Jo: It was great when they did it together.
Jeanne: Yeah, we had a great time. He was a treasure.
Jo: Both of them had an unprofessional sort of streak - I thought it was better when the two of them did it, than any other time, because usually the people that helped him were wonderful, but they were performing, and for some reason, Jeannie could do all the things that they could do, but it didn't come across the same - for me anyway.
Jeanne: Yeah, I think Toby's just like my dad. Toby was my dad's favorite. He was in nearly every single show, probably over the last two decades. He's been around for a long, long time, and ended every single show and lands in every child's arms whenever feasibly possible - much to their delight. Always a crowd pleaser. One my dad could identify with.
He'd say that each one of these characters was an extension of his personality. But if I could only pick one I would say was most like him, I'd say Toby. He was so gentle. He'd ask him to get up, and he'd say, "It's okay Toby" to do whatever the antic was - to the delight of the kids. It was a simple - jumping through something, or holding something in his mouth. And all those things were kind of like my dad. He never did anything (whew), but it was something simple, always heartfelt - like Toby - definitely that character.
Petrushka's right next to him, and this clown here is the clown from the Nutcracker. Punchinello is behind …(several other puppets are pointed out, but it's difficult to understand the words.)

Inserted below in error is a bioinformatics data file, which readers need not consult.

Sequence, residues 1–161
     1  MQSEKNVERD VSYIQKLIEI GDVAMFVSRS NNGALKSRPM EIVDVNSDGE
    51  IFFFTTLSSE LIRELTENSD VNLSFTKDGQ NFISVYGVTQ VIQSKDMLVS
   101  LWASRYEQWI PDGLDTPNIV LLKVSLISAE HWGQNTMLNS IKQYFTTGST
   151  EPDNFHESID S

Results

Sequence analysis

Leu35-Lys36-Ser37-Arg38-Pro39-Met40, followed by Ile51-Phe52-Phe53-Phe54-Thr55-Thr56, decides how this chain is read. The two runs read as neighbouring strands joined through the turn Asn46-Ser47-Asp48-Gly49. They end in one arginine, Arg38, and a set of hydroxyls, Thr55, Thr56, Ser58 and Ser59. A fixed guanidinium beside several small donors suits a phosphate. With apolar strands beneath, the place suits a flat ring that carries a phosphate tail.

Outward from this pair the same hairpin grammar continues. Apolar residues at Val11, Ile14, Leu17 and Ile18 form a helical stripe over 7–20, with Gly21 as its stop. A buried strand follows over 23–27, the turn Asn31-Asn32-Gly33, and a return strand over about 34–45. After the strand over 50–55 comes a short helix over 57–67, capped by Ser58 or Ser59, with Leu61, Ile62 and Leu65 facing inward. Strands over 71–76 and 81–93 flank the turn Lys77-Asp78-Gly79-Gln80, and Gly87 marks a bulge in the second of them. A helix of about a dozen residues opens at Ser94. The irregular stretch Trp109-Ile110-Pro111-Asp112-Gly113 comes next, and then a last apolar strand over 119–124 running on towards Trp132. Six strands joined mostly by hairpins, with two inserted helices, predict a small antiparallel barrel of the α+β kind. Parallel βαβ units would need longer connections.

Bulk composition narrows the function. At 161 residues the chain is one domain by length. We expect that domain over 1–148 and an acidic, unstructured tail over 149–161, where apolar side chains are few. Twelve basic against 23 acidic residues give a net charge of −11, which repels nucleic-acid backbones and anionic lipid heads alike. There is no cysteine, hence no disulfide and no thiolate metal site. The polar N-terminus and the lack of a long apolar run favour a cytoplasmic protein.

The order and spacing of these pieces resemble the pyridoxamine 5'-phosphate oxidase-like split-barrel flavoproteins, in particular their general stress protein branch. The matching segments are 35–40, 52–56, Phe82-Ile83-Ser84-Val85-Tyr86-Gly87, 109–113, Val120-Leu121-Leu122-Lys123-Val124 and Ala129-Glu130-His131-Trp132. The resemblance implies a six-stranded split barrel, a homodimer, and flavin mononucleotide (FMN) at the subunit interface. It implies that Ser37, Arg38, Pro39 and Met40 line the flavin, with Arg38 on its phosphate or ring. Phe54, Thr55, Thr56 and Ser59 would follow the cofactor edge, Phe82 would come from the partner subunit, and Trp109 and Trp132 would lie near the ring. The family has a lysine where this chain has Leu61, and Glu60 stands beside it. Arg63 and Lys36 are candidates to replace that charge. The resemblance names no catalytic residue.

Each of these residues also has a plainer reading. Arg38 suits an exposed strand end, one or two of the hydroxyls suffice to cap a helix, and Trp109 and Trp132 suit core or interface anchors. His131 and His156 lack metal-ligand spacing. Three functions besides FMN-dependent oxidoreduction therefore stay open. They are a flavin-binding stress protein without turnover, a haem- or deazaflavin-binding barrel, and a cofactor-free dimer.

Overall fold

Jo: He would set out to create a show about Beatrix Potter's characters. The only one that somebody else asked for was the Indian. We were going to Stratford, and they were having that year, emphasis on America, so they wanted him to do a native guy. So it's probably the least successful - because somebody told him what to do.
Jeanne: He used it quite a lot over the years.
Jo: Well, then he did an American show - a whole early American thing.
Jeanne: There's Sheherazade too.
Jo: He loved Nutcracker.
Jeanne: She wasn't used frequently, but he loved to use her. She was a little provocative, so he didn't use her often - but she was great. He used music from Sheherazade and the Nutcracker.
Jo, did you ever work on the shows in any form?
Jo: In any form? Well, I helped a little bit - because that was the only way I could get to go anywhere. Somebody had to help him. And so … I never worked a puppet, because they're heavy. They don't look heavy, but they are heavy. And I never manipulated. But I did help - like he has lots of different tricks - and you had to keep up with his tricks. And the records - he used LPs and old-fashioned record player too. Of course we couldn't use modern things, so somebody had to do the records, and that was - I earned my way.
Clarinda was a tightrope walker - did you ever see the tightrope walker?
He would put a huge rope between two tall upright things and she would walk that tightrope. It was beautiful, even - he did it down at the church one night and the shadow on the wall behind her - it was just beautiful. A lot of it was beautiful.
My most unbelievable memory is we went to Morgan Library for a big show, and he took the Fairy Queen, and of course she had this red velvet carpet that goes up to her, and it's rather an involved thing. And then the kids get touched by the magic, by the wand, and to see those little kids, my, it was beautiful.